Researchers at the National Eye Institute (NEI) have developed the first patient-derived stem cell model for studying eye conditions related to oculocutaneous albinism (OCA).
OCA is a set of genetic conditions that affects pigmentation in the eye, skin, and hair due to mutation in the genes crucial to melanin pigment production. People with OCA lack pigmented RPE and have an underdeveloped fovea, an area within the retina that is crucial for central vision. The optic nerve carries visual signals to the brain.
According to Brooks “Treating albinism at a very young age, perhaps even prenatally, when the eye’s structures are forming, would have the greatest chance of rescuing vision,” said Brooks. “In adults, benefits might be limited to improvements in photosensitivity, for example, but children may see more dramatic effects.”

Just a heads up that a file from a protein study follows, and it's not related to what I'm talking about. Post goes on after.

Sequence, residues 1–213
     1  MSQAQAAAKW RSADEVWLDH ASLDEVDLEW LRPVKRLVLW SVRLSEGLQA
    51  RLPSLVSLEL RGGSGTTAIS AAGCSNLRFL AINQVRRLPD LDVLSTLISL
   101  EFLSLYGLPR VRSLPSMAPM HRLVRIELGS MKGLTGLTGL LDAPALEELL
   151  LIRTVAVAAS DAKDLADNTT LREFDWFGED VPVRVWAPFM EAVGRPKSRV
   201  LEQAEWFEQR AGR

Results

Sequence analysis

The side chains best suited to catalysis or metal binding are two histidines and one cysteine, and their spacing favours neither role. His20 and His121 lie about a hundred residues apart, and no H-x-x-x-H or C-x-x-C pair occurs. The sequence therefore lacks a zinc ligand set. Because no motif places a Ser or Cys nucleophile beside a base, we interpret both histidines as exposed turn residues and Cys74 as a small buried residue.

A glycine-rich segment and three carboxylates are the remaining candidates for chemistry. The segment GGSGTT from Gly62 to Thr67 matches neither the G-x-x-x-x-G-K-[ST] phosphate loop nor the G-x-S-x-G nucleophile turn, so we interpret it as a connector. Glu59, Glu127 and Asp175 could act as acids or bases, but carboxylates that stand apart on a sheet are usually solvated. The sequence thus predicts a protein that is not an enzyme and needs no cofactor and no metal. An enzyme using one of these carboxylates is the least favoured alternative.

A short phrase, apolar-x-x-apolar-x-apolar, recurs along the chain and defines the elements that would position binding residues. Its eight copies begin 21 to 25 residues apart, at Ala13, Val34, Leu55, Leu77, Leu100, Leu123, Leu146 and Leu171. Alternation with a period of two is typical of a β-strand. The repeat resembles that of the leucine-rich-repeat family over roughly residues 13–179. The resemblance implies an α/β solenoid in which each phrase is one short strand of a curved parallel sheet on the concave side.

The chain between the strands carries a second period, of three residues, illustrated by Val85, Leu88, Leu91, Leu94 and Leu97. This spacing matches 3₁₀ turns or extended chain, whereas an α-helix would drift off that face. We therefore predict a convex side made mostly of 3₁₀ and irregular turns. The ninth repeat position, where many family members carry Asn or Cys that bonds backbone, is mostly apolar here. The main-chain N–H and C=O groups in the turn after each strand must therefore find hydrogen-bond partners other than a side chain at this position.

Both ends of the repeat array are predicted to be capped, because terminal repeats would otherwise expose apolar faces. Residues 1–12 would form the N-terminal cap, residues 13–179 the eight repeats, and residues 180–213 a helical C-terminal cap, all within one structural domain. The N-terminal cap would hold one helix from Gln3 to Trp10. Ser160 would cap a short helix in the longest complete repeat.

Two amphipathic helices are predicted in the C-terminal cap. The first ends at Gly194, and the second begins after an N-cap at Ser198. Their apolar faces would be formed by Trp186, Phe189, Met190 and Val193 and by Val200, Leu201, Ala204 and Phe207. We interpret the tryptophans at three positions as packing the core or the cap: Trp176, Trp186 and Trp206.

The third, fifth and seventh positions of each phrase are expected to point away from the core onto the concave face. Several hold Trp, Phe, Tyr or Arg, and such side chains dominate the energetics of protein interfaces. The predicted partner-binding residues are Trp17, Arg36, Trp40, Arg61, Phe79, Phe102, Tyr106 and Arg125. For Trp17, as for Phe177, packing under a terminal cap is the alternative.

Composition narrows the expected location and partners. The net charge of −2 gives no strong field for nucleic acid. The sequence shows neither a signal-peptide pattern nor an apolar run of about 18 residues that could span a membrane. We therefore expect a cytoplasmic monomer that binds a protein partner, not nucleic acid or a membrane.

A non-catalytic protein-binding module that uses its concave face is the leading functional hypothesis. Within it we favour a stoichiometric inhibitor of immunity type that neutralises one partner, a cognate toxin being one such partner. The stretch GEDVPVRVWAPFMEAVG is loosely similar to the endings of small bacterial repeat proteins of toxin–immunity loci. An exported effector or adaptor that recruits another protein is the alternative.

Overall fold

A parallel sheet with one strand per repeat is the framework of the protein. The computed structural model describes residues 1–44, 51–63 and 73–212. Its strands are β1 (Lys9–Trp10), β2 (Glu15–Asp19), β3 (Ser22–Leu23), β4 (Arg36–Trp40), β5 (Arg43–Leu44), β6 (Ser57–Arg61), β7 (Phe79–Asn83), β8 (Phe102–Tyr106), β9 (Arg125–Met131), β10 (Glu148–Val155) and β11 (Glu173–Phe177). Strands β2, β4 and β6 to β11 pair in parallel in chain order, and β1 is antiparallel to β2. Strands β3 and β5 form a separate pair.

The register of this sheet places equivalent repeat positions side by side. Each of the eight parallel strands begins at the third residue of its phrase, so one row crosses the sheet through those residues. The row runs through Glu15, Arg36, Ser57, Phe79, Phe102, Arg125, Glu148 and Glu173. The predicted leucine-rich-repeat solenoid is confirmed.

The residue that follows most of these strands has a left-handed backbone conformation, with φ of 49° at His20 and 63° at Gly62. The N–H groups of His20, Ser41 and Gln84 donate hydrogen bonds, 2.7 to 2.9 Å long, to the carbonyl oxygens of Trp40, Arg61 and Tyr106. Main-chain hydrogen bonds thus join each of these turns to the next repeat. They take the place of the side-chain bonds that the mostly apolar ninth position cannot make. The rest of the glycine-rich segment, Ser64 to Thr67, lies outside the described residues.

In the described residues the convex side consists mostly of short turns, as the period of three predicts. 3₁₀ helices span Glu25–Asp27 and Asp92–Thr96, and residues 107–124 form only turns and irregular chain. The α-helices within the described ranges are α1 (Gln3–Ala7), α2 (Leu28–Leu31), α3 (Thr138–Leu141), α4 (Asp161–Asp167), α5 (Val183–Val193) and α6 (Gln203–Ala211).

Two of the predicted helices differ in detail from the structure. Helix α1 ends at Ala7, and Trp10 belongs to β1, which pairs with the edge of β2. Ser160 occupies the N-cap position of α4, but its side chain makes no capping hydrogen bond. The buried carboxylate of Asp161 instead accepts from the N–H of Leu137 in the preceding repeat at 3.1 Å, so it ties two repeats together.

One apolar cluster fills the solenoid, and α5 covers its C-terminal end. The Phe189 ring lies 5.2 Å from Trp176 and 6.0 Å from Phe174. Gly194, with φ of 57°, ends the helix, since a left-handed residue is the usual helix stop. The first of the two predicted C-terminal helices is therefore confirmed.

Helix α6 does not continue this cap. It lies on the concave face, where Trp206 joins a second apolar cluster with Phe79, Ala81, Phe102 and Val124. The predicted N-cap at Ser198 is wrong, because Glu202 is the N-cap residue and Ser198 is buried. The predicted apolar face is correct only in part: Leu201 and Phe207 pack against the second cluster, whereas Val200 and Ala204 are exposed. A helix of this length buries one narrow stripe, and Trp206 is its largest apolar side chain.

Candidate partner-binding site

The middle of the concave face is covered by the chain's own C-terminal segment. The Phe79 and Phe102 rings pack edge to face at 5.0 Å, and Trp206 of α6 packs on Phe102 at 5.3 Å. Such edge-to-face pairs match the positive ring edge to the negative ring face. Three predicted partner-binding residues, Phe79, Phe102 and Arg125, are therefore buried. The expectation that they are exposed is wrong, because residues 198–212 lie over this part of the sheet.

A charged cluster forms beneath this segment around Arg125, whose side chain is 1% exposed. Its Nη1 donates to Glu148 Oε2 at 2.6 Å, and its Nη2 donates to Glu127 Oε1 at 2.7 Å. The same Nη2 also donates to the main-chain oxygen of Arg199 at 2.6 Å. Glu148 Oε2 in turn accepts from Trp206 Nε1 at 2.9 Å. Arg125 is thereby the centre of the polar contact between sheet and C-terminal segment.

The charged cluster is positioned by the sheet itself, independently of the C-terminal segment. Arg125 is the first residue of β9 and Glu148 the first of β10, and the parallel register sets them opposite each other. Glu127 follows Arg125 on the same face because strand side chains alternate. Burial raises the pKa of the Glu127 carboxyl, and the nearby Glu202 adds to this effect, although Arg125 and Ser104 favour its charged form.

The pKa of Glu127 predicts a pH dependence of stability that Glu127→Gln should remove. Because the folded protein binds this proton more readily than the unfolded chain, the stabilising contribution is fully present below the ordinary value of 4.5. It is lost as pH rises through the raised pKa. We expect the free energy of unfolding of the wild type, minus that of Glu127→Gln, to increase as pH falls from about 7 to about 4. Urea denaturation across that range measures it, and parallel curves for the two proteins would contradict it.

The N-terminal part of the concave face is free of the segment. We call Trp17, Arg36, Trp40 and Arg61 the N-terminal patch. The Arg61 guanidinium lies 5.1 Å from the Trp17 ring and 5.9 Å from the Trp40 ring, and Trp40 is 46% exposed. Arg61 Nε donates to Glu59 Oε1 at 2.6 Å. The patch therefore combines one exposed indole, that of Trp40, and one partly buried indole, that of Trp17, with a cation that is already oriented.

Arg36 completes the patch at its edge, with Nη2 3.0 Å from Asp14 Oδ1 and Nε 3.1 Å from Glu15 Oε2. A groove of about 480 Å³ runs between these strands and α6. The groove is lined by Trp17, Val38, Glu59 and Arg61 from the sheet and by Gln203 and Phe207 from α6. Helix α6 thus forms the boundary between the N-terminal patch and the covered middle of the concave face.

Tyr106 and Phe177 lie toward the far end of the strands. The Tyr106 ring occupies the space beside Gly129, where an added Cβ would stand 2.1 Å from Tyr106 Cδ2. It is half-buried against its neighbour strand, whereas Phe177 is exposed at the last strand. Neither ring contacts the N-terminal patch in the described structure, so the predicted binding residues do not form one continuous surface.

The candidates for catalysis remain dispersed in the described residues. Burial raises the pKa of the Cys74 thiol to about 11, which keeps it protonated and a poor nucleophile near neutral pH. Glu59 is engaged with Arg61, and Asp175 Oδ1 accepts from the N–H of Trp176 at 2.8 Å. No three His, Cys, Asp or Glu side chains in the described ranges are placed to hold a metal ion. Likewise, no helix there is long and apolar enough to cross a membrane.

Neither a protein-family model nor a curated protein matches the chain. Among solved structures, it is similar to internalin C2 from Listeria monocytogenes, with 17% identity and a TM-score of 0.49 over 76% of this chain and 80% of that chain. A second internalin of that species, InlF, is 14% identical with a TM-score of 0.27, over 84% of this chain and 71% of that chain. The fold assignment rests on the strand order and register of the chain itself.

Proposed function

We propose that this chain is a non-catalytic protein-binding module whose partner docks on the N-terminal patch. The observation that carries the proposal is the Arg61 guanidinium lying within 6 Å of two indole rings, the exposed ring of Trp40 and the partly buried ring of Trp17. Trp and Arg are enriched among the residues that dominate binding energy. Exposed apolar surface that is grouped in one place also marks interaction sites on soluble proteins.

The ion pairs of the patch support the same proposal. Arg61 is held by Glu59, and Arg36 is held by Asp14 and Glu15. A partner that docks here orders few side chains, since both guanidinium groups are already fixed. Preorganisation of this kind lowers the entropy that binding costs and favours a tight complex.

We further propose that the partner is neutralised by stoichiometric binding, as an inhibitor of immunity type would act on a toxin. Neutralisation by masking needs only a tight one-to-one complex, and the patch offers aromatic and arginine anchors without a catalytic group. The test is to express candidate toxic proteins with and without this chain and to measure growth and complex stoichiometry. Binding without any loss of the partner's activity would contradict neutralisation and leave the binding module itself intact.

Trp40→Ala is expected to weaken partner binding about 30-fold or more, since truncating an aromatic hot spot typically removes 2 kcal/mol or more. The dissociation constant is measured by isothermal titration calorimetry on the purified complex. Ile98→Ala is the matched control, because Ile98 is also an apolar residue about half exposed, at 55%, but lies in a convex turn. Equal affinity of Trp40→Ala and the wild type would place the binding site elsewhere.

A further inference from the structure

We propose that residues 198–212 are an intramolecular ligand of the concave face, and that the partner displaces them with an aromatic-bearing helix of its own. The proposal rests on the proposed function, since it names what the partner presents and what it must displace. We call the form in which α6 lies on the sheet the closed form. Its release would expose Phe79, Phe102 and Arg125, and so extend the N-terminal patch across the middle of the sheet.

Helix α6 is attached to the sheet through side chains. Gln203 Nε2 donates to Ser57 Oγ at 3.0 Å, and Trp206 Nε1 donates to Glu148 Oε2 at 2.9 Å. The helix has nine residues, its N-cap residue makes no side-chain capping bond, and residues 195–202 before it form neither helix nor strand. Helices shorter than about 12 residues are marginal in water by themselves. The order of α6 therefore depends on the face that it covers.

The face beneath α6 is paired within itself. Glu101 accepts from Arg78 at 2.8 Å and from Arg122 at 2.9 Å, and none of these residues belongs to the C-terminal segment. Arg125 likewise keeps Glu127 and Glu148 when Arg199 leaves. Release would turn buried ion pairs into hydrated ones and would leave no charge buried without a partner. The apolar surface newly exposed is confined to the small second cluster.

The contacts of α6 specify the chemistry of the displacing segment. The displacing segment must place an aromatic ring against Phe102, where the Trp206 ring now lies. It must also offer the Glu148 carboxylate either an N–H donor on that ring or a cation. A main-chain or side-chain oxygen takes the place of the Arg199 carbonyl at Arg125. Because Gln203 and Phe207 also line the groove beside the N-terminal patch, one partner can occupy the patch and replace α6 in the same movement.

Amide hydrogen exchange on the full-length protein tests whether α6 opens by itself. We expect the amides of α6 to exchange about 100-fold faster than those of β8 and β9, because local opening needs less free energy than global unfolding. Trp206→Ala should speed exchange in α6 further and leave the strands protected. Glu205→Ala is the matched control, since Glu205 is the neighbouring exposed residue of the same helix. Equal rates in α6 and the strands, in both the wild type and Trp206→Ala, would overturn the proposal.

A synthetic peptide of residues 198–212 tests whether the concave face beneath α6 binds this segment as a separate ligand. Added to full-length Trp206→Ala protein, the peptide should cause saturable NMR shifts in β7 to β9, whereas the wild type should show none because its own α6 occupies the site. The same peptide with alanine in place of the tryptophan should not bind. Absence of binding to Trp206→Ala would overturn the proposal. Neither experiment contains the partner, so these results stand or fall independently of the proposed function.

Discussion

Now researchers will use the model to study how lack of pigmentation affects RPE physiology and function. The development could help scientists to gain insight into the effect of genetic conditions that influence pigmentation on the eye.